Musician and producer Misbah Uddin has been a loyal member of the Pakistani music scene for a very long time. From being a member of progressive rock band Keeray Makoray, to developing a successful solo act, to opening up a production studio, Misbah’s journey has been stellar. We recently asked him to answer a few questions so we could get to know him better, and he happily obliged. So here goes, seven questions with Misbah.
- Who is your musical inspiration?
My musical inspiration is very fleeting and keeps changing on a monthly basis. These days I’m listening to this South African singer/songwriter called Alice Phoebe Lou, last month I was listening to this English musician called Shura. So, it’s an ever-changing thing. When I write music, I let my feelings and the music that is coming out of me inspire me.
- If you had to pick only one song to listen to for the rest of your life, what would you pick?
I would much rather prefer silence but if I really had to choose I might just (I swear I’m not so self-obsessed) go with my song Baadal. I managed to capture a feeling and a moment so nicely in that song that it almost serves like a time capsule for me. If there was an alternative I would go with this live version of Mehdi Hassan’s Muhabbat kernay waalay’ that my mother once made me listen to and which I have been obsessed with since.
- Best rising talent in Pakistan?
The list is endless. There are no bests because everyone has their own sound and can’t be compared with others but to name a few I’d say Farheen Raza Jaffri, Maanu, Salor, Luke Azariah, Natasha Noorani, Nadir Shehzad Khan, Janoobi Khargosh, Umer Ahmed, Towers, Takatak the list goes on.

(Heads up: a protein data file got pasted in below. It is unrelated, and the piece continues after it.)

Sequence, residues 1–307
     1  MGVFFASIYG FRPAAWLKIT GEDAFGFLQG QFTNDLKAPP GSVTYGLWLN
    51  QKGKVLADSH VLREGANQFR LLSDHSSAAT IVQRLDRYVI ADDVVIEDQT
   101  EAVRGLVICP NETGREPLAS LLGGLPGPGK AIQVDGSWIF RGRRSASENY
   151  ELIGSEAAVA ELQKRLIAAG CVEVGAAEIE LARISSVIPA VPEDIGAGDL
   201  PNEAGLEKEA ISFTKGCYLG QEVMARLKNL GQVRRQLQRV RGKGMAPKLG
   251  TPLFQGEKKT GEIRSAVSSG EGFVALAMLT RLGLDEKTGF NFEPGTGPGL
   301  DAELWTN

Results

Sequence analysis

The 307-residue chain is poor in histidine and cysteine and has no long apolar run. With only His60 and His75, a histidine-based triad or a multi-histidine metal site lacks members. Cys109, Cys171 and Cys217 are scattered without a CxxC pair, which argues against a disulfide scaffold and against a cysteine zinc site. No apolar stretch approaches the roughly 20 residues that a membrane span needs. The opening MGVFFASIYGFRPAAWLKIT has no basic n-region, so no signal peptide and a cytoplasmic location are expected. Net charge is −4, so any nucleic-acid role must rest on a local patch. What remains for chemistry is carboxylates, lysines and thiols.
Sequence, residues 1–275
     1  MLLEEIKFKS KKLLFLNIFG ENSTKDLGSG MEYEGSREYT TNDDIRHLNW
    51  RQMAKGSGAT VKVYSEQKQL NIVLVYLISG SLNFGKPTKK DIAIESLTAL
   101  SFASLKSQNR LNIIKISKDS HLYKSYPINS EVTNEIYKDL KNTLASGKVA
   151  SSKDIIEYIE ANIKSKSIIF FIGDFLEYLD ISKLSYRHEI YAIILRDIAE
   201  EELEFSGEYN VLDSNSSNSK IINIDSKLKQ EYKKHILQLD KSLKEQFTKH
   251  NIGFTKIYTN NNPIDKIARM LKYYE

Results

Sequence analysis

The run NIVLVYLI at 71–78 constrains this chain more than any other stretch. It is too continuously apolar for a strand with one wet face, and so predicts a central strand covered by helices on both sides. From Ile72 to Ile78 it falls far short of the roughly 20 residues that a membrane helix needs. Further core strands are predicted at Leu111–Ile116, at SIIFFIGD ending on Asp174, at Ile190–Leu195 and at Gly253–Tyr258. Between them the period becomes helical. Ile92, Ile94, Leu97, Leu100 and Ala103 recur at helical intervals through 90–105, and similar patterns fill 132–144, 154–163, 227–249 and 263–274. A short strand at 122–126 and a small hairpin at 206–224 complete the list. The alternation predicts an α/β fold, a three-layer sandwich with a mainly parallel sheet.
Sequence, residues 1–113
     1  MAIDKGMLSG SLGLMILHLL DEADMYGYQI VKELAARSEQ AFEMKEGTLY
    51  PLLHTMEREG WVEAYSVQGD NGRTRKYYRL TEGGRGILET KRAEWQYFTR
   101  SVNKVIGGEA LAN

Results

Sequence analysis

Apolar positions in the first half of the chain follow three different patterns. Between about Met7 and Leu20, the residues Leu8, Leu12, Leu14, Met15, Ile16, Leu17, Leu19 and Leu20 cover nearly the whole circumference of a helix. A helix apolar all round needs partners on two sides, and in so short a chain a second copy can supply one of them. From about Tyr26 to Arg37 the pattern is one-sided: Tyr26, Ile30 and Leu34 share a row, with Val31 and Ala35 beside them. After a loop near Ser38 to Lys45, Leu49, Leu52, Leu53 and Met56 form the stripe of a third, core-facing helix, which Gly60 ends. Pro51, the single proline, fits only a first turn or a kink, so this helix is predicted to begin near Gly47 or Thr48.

- Favorite memory as a musician/producer?
I remember doing my second gig as a solo act where surprisingly a lot of people showed up and when I started playing ‘Darya’ the crowd started singing with me. That felt really nice. It’s amazing how you write words and melodies sitting alone in a room and in time you see others singing those same words and humming that same melody.
- Biggest challenge as a musician/producer?
As a musician one of the biggest challenges for me is not being able to constantly perform. Ideally, I would like to play somewhere, even if it’s a small café or restaurant, every week or every other week but we just don’t have those venues. The few that we did have like True Brew Records and Guitar School have disappeared. It’s a struggle to remain in practice when you’re not surrounded by such opportunities.
As a music producer it is quite a challenge to get the right equipment inside Pakistan. Everything needs to be bought from abroad and it is just so much more expensive and difficult to have those things come here.
- Dream collab?
I wish Nazia Hassan were still alive. I would have loved to make songs with her.
- Go-to order from your favorite restaurant?
3 step wok from Chop Chop Wok with soba noodles, Japanese sauce, lots of tofu and a fried egg as an add on.